Taxile Doat (1851-1939) was a French potter who is primarily known for his experimentation with high-fired porcelain (grand feu) and stoneware using the pâte-sur-pâte technique. His book on these techniques Grand Feu Ceramics was published in 1905 and helped spread his discoveries internationally. His influence is apparent in the types of glazes and approaches used in studio pottery in the twentieth century.
Doat worked at the Manufacture nationale de Sèvres from 1877 to 1905, and was one of the artists who introduced the Art Nouveau style. Starting in 1895, Doat began working in a house at 47 rue Brancas in the village of Sèvres. These studio ceramics were different from the pieces he produced at the Sèvres factory. He replaced the typical classical subjects: garlands, gods, and drapery with new forms derived from the Japonisme that influenced French art pottery in the 1890s. He also began producing organic forms based on gourds, and employing new, grand feu glazes he invented.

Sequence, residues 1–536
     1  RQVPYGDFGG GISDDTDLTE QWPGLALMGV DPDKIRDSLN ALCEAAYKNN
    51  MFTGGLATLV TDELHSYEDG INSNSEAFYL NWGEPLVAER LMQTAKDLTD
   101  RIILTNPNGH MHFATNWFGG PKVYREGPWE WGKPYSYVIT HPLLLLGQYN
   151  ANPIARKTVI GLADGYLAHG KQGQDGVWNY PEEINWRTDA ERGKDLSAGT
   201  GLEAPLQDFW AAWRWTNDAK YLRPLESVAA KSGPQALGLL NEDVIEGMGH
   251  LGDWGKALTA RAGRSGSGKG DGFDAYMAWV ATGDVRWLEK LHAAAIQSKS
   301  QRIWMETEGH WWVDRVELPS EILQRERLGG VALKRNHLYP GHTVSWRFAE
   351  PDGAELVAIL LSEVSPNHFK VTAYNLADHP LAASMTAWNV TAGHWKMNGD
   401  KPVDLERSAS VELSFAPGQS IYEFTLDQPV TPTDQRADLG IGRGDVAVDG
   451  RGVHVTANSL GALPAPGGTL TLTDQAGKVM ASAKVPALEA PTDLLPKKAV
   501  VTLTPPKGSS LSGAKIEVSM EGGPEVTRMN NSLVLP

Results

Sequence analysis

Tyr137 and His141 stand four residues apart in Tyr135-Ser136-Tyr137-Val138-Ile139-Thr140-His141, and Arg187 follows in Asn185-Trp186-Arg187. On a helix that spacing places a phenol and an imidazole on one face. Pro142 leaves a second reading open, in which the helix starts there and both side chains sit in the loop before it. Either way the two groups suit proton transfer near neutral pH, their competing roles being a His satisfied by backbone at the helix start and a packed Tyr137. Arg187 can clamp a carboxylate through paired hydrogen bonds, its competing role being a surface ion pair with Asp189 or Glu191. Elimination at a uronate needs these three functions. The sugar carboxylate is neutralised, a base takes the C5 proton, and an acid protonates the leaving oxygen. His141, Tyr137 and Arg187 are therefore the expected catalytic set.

In 1909, Doat was one of the three international leaders of ceramics hired as a professor, along with Frederick Hurten Rhead and Adelaïde Alsop Robineau, at the Art Academy and Porcelain Works, founded in a St. Louis suburb, University City. The founder of University City, Edward Gardner Lewis, went bankrupt in 1911, and was no longer able to support the pottery studio. Doat was able to continue pottery production during 1912-14.